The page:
US EPA tightens emission standards for small non-road engines
The US EPA has finalised additional exhaust emission reduction standards for non-handheld engines primarily used in lawn mowers, garden tractors and turf equipment.
The new standards, effective in 2001, will reduce hydrocarbons, which produce ground-level ozone, and nitrogen oxides by 59 percent. The current standard calls for a 32 percent reduction when fully phased in.
The emission reductions will provide significant national benefits because equipment is used regularly in summer months when ozone levels are highest.
Small spark ignition engines produce about one tenth of the nation’s mobile source hydrocarbons (HC) emissions and are the largest single HC contributor to non-road sources.
The standards will be phased in between 2001 and 2007 to provide a smooth transition of engine design and technologies such as automotive-style overhead valve engines. The newer technology also will reduce fuel consumption by approximately 15 percent.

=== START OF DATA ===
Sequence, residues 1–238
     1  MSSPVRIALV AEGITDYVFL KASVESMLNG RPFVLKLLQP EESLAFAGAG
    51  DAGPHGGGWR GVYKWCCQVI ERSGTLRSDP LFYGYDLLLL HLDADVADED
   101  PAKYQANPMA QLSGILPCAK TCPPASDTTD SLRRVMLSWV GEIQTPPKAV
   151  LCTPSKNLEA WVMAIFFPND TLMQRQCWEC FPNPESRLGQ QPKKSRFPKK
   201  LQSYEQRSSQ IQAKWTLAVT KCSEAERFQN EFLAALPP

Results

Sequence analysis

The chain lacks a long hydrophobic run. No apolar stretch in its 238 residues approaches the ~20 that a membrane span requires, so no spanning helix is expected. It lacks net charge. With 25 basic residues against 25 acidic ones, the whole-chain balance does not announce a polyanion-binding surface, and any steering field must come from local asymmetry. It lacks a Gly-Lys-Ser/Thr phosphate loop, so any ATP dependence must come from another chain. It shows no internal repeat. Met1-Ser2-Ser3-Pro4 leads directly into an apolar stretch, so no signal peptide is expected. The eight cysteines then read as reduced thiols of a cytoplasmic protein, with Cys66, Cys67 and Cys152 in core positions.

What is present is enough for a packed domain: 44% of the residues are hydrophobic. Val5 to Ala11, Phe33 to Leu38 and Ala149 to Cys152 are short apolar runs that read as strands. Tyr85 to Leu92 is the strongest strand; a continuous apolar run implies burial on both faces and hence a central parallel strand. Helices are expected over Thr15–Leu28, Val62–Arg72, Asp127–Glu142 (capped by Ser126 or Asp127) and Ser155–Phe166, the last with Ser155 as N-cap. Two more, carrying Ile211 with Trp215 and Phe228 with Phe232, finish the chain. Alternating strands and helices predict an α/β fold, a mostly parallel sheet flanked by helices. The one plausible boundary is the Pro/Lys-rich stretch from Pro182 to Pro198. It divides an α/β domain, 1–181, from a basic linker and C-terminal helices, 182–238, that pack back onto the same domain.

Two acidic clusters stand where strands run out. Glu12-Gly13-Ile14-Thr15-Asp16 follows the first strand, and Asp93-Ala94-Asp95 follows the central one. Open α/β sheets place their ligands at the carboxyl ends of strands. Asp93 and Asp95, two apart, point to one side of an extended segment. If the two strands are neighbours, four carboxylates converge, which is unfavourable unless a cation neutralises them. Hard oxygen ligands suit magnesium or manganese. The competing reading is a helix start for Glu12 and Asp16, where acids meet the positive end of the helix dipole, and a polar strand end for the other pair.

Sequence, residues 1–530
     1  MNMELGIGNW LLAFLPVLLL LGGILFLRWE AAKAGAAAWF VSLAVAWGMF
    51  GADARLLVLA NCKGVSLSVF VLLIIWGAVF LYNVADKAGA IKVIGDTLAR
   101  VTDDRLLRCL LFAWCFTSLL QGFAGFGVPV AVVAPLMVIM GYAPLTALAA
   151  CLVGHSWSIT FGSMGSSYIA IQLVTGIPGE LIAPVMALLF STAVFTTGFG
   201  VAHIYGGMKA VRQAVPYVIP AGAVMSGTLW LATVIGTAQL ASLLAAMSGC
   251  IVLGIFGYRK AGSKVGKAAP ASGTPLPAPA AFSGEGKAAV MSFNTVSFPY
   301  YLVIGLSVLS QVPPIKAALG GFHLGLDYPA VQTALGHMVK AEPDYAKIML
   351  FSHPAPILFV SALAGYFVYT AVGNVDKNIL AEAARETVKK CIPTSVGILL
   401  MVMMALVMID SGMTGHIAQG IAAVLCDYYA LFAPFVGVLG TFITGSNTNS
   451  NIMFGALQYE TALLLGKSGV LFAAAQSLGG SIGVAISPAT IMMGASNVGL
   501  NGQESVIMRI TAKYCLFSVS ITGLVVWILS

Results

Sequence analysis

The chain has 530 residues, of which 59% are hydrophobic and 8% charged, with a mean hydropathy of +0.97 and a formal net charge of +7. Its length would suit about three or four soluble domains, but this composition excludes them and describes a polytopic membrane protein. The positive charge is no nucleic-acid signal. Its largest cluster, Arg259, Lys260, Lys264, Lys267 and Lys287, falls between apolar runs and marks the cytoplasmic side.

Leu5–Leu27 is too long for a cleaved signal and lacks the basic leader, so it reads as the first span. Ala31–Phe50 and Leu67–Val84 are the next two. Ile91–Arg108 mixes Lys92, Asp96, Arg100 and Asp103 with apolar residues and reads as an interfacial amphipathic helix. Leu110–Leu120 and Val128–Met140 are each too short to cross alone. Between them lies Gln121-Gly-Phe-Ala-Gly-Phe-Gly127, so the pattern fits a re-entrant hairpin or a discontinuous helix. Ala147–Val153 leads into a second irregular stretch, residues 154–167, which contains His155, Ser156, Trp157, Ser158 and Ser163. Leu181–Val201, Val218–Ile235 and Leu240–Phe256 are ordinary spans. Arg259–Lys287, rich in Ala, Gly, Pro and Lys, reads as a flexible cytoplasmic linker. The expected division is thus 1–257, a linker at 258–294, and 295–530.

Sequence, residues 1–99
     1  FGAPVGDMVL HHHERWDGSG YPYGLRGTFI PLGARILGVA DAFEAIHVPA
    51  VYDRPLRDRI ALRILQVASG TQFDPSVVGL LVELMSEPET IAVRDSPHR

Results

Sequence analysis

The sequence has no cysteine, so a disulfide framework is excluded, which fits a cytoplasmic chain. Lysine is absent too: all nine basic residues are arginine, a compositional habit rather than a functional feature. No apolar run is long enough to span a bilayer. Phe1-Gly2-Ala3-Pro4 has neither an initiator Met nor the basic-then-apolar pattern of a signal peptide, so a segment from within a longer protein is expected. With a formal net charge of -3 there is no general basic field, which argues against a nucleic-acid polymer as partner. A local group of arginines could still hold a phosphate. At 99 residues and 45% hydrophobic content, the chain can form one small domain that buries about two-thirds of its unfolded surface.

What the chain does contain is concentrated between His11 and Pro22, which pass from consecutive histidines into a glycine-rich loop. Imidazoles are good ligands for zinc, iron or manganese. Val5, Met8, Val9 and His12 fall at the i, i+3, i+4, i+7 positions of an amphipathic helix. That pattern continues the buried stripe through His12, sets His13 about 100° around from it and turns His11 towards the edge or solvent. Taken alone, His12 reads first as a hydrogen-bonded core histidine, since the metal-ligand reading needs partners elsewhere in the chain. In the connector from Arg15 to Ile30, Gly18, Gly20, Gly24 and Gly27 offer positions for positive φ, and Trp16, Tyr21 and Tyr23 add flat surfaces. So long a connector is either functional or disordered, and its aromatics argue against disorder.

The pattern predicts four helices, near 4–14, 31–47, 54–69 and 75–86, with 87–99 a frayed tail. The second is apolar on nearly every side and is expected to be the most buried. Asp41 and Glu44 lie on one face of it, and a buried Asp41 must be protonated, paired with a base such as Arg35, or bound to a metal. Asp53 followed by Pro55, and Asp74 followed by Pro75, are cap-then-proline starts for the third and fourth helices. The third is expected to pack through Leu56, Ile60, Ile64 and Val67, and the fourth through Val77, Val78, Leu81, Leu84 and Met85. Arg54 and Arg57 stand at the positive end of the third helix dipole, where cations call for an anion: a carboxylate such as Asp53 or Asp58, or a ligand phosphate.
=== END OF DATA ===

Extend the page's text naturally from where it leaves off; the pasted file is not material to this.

The rule includes requirements to ensure that engines continue to comply with the standards throughout their useful life. Other provisions include a certification averaging, banking, and trading program, and special compliance allowances for very low emitting engines.
Considerations to ease or delay the impact on low volume engines and equipment also are provided in the rule.